On the Thermo-Elastic and Thermo-Magnetic Properties of Matter
William Thomson, Lord Kelvin, M.A., 2007. "On the Thermo-Elastic and Thermo-Magnetic Properties of Matter", Classics of Elastic Wave Theory, Michael A. Pelissier, Henning Hoeber, Norbert van de Coevering, Ian F. Jones
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A body which is either emitting heat, or altering its dimensions against resisting forces, is doing work upon matter external to it. The mechanical effect of this work, in one case is the excitation of thermal motions, and in the other the overcoming of resistances. The body must itself be altering in its circumstances, so as to contain a less store of energy within it, by an amount precisely equal to the aggregate value of the mechanical effects produced; and conversely, the aggregate value of the mechanical effects produced, must depend solely on the initial and final states of the body, and is therefore the same, whatever be the intermediate states through which the body passes, provided the initial and final states be the same.
The total intrinsic energy of a body might be defined as the mechanical value of all the effect it would produce, in heat emitted and in resistances overcome, if it were cooled to the utmost, and allowed to contract indefinitely or to expand indefinitely according as the forces between its particles are attractive or repulsive, when the thermal motions within it are all stopped: but in our present state of ignorance regarding perfect cold, and the nature of molecular forces, we cannot determine this “total intrinsic energy” for any portion of matter; nor even can we be sure that it is not infinitely great for a finite portion of matter. Hence it is convenient to choose a certain state, as standard for the body under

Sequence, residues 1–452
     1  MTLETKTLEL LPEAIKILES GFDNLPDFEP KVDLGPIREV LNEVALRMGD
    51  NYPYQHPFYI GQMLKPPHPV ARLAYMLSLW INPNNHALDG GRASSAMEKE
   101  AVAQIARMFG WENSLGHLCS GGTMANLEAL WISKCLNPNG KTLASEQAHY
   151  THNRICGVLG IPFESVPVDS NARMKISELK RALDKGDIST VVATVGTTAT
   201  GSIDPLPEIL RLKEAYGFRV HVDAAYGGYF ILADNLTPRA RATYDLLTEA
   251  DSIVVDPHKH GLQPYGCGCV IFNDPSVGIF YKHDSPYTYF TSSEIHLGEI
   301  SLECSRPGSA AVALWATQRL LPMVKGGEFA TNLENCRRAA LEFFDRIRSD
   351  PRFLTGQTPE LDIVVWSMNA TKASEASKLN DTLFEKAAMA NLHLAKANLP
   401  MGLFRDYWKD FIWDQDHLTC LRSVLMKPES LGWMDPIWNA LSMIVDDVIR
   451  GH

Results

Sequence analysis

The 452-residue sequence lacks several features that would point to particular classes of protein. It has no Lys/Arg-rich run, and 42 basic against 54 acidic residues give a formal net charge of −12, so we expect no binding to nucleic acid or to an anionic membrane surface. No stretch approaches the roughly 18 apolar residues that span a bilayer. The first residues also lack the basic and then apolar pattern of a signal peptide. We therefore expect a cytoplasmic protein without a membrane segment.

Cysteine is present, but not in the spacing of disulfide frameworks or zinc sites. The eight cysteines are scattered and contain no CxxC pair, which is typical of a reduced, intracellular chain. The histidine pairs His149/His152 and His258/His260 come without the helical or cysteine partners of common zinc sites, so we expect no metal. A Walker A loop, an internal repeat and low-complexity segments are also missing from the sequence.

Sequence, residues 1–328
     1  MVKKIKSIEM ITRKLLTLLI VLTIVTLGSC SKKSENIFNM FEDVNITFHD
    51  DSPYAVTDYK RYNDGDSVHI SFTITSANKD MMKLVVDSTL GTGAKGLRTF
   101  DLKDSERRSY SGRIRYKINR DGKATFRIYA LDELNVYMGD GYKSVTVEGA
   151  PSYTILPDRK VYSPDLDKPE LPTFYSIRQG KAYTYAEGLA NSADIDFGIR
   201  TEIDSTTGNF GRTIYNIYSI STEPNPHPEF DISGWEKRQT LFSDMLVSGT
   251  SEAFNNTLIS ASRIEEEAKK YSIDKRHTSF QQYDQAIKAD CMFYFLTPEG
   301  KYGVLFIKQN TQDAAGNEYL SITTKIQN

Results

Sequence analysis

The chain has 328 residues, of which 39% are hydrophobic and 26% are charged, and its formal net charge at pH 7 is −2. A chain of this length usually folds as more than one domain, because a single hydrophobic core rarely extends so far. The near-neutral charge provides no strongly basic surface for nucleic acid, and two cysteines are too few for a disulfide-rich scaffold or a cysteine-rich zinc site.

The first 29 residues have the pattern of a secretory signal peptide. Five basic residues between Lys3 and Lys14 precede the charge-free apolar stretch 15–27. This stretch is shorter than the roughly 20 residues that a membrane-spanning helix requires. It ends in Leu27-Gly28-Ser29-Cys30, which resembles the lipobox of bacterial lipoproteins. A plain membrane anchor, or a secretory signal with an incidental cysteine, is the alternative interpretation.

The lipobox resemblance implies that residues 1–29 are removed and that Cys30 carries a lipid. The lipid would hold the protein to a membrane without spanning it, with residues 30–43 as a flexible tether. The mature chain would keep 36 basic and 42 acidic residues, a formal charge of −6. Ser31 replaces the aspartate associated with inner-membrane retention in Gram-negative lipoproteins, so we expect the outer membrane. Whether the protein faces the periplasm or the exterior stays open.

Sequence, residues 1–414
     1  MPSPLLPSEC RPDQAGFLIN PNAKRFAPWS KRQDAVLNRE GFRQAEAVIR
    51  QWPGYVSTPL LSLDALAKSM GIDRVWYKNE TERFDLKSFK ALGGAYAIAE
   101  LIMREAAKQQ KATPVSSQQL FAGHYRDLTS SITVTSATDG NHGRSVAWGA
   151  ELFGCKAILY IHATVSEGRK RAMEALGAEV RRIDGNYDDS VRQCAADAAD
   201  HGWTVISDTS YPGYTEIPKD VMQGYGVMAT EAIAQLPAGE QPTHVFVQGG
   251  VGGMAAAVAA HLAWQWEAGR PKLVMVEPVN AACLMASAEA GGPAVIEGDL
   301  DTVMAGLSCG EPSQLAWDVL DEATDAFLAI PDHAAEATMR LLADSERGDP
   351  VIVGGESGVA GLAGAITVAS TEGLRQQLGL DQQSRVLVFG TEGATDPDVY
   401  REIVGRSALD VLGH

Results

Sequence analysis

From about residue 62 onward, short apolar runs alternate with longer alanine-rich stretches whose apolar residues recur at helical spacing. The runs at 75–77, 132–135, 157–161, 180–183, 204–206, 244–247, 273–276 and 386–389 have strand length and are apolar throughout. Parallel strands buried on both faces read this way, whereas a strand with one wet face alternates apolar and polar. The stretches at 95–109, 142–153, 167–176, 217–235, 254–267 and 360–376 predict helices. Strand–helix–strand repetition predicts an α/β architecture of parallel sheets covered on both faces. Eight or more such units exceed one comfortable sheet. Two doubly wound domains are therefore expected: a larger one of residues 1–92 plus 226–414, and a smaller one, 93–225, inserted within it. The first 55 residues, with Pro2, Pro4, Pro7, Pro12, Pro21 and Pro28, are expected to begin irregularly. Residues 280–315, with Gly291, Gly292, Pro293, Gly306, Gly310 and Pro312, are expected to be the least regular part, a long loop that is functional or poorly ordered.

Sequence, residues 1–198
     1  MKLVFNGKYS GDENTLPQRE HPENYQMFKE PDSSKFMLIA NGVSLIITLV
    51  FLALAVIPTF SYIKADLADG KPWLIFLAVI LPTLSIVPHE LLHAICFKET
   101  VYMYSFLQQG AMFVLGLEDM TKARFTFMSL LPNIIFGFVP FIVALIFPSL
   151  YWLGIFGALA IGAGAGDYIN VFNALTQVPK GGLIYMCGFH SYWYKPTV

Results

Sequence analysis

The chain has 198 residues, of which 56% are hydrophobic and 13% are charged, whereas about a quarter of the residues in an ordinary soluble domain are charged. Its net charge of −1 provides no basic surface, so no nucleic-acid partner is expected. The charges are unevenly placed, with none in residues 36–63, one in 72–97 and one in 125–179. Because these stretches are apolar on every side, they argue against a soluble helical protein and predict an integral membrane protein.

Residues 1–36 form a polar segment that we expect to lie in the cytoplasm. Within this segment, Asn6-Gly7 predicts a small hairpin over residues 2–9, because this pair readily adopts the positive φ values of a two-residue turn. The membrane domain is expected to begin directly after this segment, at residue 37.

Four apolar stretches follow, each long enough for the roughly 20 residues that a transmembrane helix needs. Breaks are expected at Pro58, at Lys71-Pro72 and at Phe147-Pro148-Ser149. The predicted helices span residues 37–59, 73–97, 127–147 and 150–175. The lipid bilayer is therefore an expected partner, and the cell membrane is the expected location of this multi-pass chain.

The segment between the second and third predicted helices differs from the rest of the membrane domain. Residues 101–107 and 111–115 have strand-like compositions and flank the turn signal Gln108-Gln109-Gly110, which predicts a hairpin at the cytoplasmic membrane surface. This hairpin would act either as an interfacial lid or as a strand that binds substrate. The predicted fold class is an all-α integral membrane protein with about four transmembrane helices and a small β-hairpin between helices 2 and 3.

Figures & Tables
In this chapter, we give a brief synopsis of each of the classic papers referred to in this collection. Where relevant, we reproduce the basic equations, recast in modern notation. Supporting works also are referred to. They are listed in the “General References” section.
Table 1 is a quick outline of the key contributions of each paper reprinted in this book.
Robert Hooke, “Potentia Restitutiva, or Spring” (Oxford, 1678)
The article by Robert Hooke, “Potentia Restitutiva, or Spring,” contains the statement of the proportional relation between stress and strain universally referred to as Hooke’s law. Although the English language has evolved somewhat since 1678, the article does not require translation. Hooke describes a variety of experiments, accompanied by illustrations, confirming the stress/strain relation over a wide range of applied loads. He emphasizes the great generality of his results.
Based on his experimental work from 1660 onward, Hooke first published his law in 1676 in the form of an anagram in Latin,
which he later revealed to be “ut tensio sic vis.” Roughly translated, this means “as the force, so is the displacement” (Love, 1911; Boyce and DiPrima, 1976).
In his treatise, Hooke examined the behavior of springs, so his first casting of the equations dealt with the restoring force on a spring, for a given displacement: